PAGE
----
Around 1997, Tankard Reist began collecting material for a book about women’s reactions to abortion. In its list of scheduled speakers for the 1997 conference, Right to Life Australia noted that Tankard Reist (now described as a ‘Canberra writer and social commentator’) was ‘currently compiling a book about pressures on women to abort’. (Right to Life News Conference Edition, April-June 1997, p.3)
We should recognise that Tankard Reist had no interest whatever in the stories of women whose responses to their abortions were either positive or broadly neutral. As Bill Muehlenberg, then National Research Coordinator of Focus on the Family Australia, explained it (under the heading ‘A Mum’s Perspective on Abortion’):
Salt Shakers expanded on Tankard Reist’s objectives:
When in 2000 Tankard Reist published her book (ultimately called Giving Sorrow Words: Women’s Stories of Grief after Abortion), she explained that it had been based on the contributions of:
Two points need to be made here. Firstly, Tankard Reist failed to make it clear that her project had been advertised extensively in the conservative Christian media, including the publications of the Right to Life Association, Focus on the Family and Salt Shakers. One of her ‘letters to the editor’ also appeared in the (then) evangelical Christian weekly New Life (3 September 1998). If she was trying [to] identify rich sources of women likely to be guilt-ridden and/or resentful about their terminations, she could hardly have done a better job.
Secondly, although we don’t know exactly how many women have abortions in Australia, estimates range between about 60,000 and 100,000 per year. This would have given Tankard Reist a huge pool of potential contributors, probably a couple of million or more. In her letters to the editor, she guaranteed these women anonymity or pseudonymity if they desired it.
In the circumstances, and even taking into account that only part of the female population would have seen her advertisements, it seems astounding that only 250 women contacted her. This represents a minuscule proportion of women who have experienced abortions and tends to undermine Tankard Reist’s assumptions about the ‘disastrous’ effects of the procedure. Further, some of the 18 stories that she recounts in detail seem to be the work of very depressed women, the source of whose problems may or may not be their abortion experience. As Leslie Cannold has observed:
More disturbing than the contributors’ stories themselves, in some ways, are the concluding pages of Tankard Reist’s book. She hunts and pecks through feminist literature for sentences and paragraphs that might be read as supporting her position; and pushes the discredited idea of an ‘abortion-breast cancer link’ as far as she dares (pp.238ff). Her ‘Where to Find Help’ page (p.261) directs readers to anti-choice counselling centres such as the Australian Federation of Pregnancy Support Services in the ACT and Open Doors Counselling and Education Services (formerly Pregnancy Action Centre) in Ringwood, Vic. Her recommended reading list (pp.262ff) includes books by American evangelical leaders like Jack Hayford and a string of titles such as And Still They Weep, The Mourning After and Will I Cry Tomorrow?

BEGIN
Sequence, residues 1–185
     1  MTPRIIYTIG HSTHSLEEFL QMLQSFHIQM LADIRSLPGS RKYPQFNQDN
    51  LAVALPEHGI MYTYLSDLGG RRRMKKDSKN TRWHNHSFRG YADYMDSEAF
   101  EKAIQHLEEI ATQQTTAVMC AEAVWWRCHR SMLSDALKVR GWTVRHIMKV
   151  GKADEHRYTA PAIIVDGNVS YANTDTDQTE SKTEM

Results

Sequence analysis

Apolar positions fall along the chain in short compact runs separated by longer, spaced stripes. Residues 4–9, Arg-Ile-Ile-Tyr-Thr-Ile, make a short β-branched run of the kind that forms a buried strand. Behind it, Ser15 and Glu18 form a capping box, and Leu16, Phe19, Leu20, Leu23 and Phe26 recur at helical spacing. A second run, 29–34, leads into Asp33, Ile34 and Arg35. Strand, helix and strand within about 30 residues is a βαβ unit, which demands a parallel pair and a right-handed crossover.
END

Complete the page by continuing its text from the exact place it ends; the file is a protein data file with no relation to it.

In the year of her book’s publication, Tankard Reist was again asked to speak at the annual RTLA Conference on the topic ‘Post-abortion trauma: refuting the critics’. (‘Right to Life Conference … 2000’, supplement to Right to Life News, July-August 2000, p.2)
While collecting the stories for her book, Tankard Reist was also busy setting up and helping run a home for mothers and babies in Canberra. Karinya House opened in 1997 and was actively supported by a range of conservative Christian organisations. The ACT RTLA Newsletter of January-March 2004 reported that Right to Life had recently donated $10,000 to Karinya House in recognition of ‘their special and important pro-life work‘. The ‘pro-life’ aspect involved emergency assistance to women in ‘crisis pregnancies’, thus avoiding the option of abortion which many of these women might otherwise have taken.
The Karinya House Annual Report of 2003-4 lists patrons including Archbishop Francis Carroll and Bishop Patrick Power (Catholic) and Bishop George Browning (Anglican). The Management Committee included Tankard Reist as President, Lynne Pezzullo as Vice-President (Pezzullo is now a co-director of Women’s Forum Australia with Tankard Reist) and members such as former Harradine staffers Catherine Cooney and Roslyn Seselja. (Senate Hansard, 21 June 2005)
When Catherine Cooney took over the Karinya House presidency from Tankard Reist early in 2005, she had this to say about her predecessor:
The ‘national women’s organisation’ referred to here is clearly Women’s Forum Australia.
Deeper involvement with Christian conservatives